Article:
Scientific breakthrough in control of deadly pathogen

By Laurence Gibbons contact

- Last updated on GMT

Related tags: Clostridium botulinum, Bacteria

Clostridium botulinum is the most deadly toxin known to the Institute of Food Research
Clostridium botulinum is the most deadly toxin known to the Institute of Food Research
Scientists believe they may have found a new weapon in the fight to control the deadly foodborne pathogen Clostridium botulinum, as they have discovered genes that are crucial for its germination.

Scientists from the Institute of Food Research (IFR) believe this could present a new way of stopping these deadly bacteria growing in food.

Food poisoning from Clostridium botulinum​ could occur when someone ate food contaminated with infected soil if the food had not been properly canned, preserved or cooked, the NHS warned.

Contaminated food produces a neurotoxin, which could lead anyone eating it to develop botulism, a rare but potentially fatal condition, IFR said.

‘Most deadly toxin known’

Dr Jason Brunt of the IFR said it was the most deadly toxin known to science.

“As more is understood of the complex germination systems in clostridia, it may be conceivable to formulate detailed strategies to interrupt this process,”​ he added.

“This would be of great benefit to help control pathogenic clostridia for the food industry.”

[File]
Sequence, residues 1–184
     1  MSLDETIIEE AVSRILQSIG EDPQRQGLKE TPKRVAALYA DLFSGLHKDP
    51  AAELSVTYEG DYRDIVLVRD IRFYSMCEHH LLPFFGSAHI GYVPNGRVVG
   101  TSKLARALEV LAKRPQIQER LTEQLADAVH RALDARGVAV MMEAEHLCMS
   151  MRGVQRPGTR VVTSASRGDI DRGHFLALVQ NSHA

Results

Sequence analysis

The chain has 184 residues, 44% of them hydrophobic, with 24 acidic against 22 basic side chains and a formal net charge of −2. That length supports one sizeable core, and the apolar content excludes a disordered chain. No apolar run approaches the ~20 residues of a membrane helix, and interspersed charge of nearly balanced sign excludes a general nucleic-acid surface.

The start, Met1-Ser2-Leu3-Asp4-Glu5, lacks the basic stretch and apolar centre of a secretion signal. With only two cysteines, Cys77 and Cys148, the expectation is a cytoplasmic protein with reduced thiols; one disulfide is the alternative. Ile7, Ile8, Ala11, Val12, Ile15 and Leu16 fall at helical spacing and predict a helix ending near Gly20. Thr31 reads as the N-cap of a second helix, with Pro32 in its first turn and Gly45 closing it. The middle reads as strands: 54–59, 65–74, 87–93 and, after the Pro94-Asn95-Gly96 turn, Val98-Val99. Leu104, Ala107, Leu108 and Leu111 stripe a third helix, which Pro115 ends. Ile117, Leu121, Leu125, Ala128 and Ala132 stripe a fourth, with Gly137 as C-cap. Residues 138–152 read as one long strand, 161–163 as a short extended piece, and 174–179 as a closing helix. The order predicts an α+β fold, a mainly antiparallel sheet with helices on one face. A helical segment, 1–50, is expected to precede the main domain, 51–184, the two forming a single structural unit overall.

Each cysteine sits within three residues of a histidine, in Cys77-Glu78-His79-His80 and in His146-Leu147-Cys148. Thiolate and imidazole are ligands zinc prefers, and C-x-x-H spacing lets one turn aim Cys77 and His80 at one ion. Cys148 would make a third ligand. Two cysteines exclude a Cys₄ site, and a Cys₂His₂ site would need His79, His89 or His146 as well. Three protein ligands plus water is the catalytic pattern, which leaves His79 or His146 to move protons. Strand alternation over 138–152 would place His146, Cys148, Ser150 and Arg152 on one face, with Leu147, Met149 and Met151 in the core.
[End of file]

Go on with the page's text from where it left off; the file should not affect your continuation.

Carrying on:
Botulinum spores only germinate in a suitable environment, for example in the presence of nutrients which they sense through specialised receptors, the IFR said. These receptors then trigger a chain of events that lead to the spore becoming viable.

Clostridium botulinum ​has had its genome sequenced, and by comparison with other bacteria it is possible to identify genes that look like they might be involved in the spore germination process.

The researchers at IFR, which is strategically funded by the Biotechnology and Biological Sciences Research Council, systematically turned off these candidate genes to see which were crucial for germination.

The research, published in the journal PLOS Pathogens​, identified two sets of genes that Clostridium botulinum​ needs. They must act together for the spores to germinate in response to the correct stimulus, in this case the presence of a nutrient amino acid.

This allowed them to build a much better understanding of exactly how the spores germinate, Brunt claimed.

Stringent measures are taken by food manufacturers to stop this happening, and fortunately botulism outbreaks are now quite rare, he said.

The toxins produced by Clostridium botulinum​ attack the nervous system – nerves, brain and spinal cord – and cause paralysis that gradually spreads down the body from the head to the legs.

Fatal respiratory failure

If the condition is not treated quickly, the paralysis will eventually affect the muscles controlling breathing. This can cause fatal respiratory failure in up to one in every 10 people with the condition.

Other symptoms of botulism can include: blurred or double vision, drooping eyelids, and difficulty swallowing and speaking.

Meanwhile, the Food Manufacture Group will be hosting a one-day food safety conference on October 15.

The conference – Safe and legal food in a changing world – will look at emerging food safety challenges and the changing regulatory environment.

It will offer advice to companies on how they can avoid falling foul of major food safety incidents, which can prove very costly and damaging to company reputations.

For more information, or to book, click here.

Related topics: Food Safety

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